WASHINGTON (AP) — The first stage of President Barack Obama's health care overhaul is expected to provide coverage to about 1 million uninsured Americans by next year, according to government estimates.
That's a small share of the uninsured, but in a shaky economy, experts say it's notable.
Many others — more than 100 million people — are getting new benefits that improve their existing coverage.
Overall costs appear modest at this point, split among taxpayers, employers and individuals who directly benefit, although the biggest part of the health care expansion is still four years away.
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For weeks, the White House has been touting the new law's initial benefit changes, even as Obama dares Republicans to make good on their threat to repeal his signature social policy achievement. Now, a clearer picture is starting to emerge from the patchwork of press releases.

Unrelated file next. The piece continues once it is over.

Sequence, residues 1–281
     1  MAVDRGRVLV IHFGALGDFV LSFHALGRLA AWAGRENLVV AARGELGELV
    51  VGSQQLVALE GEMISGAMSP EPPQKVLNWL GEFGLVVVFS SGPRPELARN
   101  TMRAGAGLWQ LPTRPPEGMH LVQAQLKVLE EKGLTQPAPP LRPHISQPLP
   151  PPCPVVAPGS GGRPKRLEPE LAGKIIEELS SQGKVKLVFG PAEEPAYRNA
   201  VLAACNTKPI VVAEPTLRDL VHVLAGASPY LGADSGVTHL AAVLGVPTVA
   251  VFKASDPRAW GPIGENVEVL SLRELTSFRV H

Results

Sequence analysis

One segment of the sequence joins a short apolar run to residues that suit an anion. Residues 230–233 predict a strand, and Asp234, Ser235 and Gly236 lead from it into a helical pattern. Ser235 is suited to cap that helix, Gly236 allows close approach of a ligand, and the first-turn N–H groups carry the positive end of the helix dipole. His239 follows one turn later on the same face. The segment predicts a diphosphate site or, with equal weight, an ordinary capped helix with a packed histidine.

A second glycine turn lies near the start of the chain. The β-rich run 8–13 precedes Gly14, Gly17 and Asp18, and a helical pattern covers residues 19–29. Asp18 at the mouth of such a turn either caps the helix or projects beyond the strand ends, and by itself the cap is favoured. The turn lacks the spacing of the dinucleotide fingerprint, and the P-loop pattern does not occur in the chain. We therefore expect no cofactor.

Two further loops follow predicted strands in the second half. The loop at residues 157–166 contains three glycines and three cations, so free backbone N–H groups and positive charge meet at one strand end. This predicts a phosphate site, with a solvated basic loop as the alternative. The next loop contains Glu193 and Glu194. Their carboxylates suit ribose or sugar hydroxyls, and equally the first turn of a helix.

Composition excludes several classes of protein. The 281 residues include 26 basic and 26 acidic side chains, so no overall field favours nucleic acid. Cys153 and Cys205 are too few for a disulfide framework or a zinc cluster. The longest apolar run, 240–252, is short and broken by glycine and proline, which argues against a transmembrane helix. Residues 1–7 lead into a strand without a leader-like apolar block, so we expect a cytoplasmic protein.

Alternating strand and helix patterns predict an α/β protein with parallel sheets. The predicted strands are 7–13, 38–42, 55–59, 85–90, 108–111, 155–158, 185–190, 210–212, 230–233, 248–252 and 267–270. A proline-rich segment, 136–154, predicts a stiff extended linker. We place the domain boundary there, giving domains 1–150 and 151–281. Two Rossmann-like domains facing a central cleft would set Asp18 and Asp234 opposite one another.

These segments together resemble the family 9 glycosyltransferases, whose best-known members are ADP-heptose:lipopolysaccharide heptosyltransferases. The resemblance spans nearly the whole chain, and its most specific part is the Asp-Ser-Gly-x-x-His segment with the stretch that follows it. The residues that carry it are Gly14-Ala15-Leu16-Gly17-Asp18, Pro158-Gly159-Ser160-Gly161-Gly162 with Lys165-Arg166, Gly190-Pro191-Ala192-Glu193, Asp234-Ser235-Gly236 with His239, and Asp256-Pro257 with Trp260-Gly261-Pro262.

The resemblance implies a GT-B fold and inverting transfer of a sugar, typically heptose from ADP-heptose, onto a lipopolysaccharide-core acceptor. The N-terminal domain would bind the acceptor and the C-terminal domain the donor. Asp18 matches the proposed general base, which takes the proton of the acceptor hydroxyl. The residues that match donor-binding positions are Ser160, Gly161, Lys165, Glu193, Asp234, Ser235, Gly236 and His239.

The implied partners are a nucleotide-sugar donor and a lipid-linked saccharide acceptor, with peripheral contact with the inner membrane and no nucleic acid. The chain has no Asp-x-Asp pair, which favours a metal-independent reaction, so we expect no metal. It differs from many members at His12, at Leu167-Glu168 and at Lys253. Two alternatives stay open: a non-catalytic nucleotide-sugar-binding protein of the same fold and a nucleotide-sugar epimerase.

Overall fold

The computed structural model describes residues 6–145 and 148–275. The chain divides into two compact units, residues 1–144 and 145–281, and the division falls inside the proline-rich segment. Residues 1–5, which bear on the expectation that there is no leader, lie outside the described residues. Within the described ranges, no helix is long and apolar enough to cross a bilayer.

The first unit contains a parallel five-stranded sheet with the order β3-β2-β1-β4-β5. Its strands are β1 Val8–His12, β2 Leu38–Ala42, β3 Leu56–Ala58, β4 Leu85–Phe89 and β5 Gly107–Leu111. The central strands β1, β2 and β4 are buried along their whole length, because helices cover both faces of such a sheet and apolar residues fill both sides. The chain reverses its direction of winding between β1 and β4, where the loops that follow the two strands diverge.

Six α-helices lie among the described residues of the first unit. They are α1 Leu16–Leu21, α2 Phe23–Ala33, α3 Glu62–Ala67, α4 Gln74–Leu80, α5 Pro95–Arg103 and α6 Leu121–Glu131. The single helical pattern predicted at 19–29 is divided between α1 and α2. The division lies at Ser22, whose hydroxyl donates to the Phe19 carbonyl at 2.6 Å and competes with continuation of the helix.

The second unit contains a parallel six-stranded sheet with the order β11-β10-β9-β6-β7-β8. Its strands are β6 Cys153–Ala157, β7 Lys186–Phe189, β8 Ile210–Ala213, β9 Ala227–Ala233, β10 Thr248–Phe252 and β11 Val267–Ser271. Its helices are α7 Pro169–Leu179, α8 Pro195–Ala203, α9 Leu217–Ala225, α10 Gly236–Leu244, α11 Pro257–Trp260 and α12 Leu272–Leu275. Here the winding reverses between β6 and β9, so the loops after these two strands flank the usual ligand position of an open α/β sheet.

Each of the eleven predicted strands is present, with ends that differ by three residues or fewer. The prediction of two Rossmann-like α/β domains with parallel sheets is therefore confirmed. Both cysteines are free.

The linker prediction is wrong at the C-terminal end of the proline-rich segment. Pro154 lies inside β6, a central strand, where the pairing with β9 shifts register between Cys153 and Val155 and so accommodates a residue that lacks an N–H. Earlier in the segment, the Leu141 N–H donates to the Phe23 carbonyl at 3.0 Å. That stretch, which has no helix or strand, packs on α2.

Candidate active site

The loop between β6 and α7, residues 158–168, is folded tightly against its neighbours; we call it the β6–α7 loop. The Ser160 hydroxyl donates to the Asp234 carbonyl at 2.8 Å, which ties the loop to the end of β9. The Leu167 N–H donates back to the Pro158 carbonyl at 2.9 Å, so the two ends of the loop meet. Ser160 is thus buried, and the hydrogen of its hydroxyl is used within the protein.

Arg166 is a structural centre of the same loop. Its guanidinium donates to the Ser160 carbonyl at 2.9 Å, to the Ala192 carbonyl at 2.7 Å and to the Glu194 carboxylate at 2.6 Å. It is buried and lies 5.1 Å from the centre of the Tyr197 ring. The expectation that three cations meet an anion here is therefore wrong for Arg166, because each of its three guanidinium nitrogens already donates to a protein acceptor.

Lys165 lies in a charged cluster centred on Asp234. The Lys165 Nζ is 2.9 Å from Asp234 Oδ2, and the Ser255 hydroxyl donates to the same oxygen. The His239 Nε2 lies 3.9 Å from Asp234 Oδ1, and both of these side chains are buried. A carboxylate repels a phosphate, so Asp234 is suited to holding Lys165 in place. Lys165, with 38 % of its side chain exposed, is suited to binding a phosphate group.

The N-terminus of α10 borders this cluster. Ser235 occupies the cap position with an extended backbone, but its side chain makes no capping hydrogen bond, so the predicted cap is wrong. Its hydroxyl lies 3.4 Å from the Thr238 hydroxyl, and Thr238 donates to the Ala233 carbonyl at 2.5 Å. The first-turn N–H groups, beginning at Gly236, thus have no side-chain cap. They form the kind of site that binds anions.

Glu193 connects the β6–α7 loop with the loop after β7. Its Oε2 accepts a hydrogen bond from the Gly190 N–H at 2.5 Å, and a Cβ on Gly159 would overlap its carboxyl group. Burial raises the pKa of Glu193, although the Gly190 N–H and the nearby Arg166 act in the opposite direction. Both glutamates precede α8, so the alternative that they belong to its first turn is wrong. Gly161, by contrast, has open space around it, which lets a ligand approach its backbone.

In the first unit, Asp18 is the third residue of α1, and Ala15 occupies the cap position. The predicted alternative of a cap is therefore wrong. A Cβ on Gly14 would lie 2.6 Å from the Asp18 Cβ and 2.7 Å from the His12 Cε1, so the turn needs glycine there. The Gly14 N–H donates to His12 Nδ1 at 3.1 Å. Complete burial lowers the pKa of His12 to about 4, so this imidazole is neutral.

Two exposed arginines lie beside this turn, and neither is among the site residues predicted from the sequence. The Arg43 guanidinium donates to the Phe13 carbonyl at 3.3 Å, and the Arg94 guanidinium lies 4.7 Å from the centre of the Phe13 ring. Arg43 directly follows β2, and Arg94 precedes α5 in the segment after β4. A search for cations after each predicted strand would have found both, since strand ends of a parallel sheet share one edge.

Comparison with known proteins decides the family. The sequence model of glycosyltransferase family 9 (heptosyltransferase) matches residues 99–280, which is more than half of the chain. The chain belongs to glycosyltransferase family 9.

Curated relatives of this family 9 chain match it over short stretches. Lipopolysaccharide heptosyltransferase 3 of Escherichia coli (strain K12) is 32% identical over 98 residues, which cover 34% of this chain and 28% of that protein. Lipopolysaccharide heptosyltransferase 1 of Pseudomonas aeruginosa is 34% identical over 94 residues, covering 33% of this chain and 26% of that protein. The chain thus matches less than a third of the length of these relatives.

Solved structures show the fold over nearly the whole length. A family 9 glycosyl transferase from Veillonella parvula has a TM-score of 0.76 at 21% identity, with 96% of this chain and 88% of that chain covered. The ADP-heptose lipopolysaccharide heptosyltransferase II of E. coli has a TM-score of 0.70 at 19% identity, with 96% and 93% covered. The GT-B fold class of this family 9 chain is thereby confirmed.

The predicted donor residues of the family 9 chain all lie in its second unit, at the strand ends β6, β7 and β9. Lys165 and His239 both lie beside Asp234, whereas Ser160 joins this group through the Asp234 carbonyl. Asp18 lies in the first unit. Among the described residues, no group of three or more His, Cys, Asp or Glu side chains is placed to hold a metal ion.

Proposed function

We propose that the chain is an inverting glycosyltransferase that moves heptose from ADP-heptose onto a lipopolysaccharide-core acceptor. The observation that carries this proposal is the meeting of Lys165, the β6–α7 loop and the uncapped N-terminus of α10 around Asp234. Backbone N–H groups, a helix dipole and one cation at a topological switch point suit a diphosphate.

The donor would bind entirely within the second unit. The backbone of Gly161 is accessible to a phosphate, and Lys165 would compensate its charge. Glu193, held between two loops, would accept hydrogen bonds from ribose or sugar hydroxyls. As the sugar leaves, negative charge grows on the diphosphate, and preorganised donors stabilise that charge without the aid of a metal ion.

In 2014, government tax credits will help uninsured workers and their families pay premiums, and Medicaid will take in many more low-income people. Eventually, more than 30 million will gain coverage, sharply reducing the number of uninsured and putting the nation on a path to coverage for all citizens and legal immigrants.
Political salesmanship and an attempt to address some glaring health insurance problems are key elements of the strategy to explain the initial changes resulting from the law. After battling for a year to pass the legislation, Democrats desperately wanted to have tangible accomplishments to point to in high-stakes congressional elections this fall. But they also have to deflect lingering questions, often stirred up by opposition candidates, and doubts about the effectiveness of the overhaul and its costs.